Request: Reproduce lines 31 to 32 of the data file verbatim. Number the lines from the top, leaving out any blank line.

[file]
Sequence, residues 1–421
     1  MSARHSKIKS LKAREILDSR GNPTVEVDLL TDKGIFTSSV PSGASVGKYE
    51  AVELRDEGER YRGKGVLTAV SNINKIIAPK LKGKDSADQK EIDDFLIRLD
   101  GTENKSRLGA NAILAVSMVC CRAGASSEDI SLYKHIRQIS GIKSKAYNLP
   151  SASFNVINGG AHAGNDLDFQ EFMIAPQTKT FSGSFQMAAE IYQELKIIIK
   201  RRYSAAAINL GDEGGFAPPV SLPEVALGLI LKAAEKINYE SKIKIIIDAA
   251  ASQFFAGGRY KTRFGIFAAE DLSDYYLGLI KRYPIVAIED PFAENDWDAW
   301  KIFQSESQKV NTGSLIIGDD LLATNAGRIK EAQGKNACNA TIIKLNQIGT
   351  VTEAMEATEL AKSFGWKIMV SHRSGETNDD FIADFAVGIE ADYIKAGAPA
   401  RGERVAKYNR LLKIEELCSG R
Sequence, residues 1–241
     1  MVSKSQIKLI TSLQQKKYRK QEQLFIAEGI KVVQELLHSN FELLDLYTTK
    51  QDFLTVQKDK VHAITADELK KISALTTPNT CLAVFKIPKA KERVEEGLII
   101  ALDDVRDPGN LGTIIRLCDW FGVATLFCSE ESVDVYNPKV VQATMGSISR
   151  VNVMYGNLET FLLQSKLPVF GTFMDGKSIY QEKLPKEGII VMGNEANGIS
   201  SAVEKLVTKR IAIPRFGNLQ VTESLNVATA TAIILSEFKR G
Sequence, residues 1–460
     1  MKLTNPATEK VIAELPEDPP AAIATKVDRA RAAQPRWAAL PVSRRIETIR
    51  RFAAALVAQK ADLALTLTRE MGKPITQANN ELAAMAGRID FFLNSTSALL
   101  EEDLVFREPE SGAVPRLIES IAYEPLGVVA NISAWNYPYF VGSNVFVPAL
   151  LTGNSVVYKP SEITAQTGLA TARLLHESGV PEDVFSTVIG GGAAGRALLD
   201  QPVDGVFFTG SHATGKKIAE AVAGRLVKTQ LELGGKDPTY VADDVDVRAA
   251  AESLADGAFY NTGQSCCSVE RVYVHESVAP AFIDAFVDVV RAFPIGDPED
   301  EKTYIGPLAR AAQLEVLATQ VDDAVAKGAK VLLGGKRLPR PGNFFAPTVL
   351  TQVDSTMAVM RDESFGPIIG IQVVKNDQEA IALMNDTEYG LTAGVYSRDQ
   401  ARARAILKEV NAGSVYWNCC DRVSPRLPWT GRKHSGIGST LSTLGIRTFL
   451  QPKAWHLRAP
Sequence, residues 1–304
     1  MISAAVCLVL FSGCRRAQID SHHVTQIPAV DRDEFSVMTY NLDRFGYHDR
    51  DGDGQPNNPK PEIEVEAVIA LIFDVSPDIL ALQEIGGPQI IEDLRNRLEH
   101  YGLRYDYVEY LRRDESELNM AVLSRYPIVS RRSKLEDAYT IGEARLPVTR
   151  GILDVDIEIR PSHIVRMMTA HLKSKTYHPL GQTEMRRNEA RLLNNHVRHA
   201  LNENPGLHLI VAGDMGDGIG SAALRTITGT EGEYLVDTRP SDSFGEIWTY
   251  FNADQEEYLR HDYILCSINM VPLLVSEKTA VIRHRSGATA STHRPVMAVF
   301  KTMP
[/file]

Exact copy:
   101  YGLRYDYVEY LRRDESELNM AVLSRYPIVS RRSKLEDAYT IGEARLPVTR
   151  GILDVDIEIR PSHIVRMMTA HLKSKTYHPL GQTEMRRNEA RLLNNHVRHA